You can live a happy, productive, charitable life without it. “Religion” can have a negative connotation. Maybe I’m conjecturing based on a few comments I’ve heard or patterns I’ve seen among my peers. Nevertheless, it seems that a recent trend, at least in my generation, is to drift toward a God without structure, one without doctrine and/or denomination.
In some ways, I get it. That organized religion has sown division, perpetuated some of the most heinous crimes on earth, and reflected the opposite virtues of Jesus’ earthly ministry is true.
But at the end of the day I’m not sure that my spiritual life is better without it. For me, it seems that life is enhanced and has greater depth when accompanied by religion. I don’t think a denomination’s infamy should define its entirety; despite its challenges, religion is crucial and, I’d venture, necessary.
When religion gets discouraging, monotonous, and challenging, we tend to walk away. When we get triggered by a statement or a position presented by the church, we let it define the whole. But when we turn our backs on it altogether, we leave a lot of value behind us.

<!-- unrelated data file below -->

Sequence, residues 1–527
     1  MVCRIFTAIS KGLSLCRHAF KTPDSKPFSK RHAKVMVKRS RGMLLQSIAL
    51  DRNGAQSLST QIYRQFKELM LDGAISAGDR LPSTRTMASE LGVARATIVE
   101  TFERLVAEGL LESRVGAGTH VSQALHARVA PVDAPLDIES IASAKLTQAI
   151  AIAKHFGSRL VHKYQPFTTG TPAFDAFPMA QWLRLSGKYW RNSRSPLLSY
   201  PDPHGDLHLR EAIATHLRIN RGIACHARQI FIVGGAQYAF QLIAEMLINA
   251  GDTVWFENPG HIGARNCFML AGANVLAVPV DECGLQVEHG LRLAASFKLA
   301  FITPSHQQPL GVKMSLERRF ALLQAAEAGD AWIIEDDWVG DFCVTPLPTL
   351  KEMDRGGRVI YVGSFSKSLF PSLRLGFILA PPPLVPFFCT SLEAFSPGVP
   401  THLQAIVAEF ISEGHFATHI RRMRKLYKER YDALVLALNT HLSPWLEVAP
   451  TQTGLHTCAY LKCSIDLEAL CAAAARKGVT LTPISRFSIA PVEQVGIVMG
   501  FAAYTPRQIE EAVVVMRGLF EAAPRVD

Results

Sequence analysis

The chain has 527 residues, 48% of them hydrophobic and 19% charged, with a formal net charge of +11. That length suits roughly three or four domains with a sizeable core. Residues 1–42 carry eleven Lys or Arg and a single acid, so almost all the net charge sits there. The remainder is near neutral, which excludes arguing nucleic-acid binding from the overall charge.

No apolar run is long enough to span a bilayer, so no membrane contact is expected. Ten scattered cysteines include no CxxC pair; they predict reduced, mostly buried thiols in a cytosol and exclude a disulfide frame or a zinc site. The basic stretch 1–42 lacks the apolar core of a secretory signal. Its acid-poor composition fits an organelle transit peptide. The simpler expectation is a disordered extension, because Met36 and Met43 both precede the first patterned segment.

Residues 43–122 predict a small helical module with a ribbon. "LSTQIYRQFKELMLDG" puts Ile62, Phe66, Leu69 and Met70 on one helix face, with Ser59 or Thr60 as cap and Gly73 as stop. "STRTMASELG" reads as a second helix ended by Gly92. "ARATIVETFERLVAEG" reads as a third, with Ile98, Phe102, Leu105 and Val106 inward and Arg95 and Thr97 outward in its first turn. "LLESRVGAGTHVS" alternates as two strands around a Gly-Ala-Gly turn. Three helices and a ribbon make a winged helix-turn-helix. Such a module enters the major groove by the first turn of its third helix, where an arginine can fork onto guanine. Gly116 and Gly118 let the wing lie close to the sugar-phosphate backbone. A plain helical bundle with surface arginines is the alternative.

Religion is important for families. Often, young adults who drift away find themselves coming back when they have kids. I suppose this is because of the values inherent in a church community. If this is a subconscious acknowledgment of the importance of religion, don’t we deserve to have that for ourselves all the time?
“I don’t think a denomination’s infamy should define its entirety; despite its challenges, religion is crucial and necessary.”
Religion is thought-provoking. Through its core beliefs, a denomination is an explanation of the world; an attempted answer to difficult questions. In any situation, being forced to dig into the whys and whats makes the experience more valuable. And sometimes beliefs will take a lifetime to turn over and figure out. But isn’t that the point anyway? A religion that doesn’t challenge or make you think wouldn’t offer much of a community to be a part of.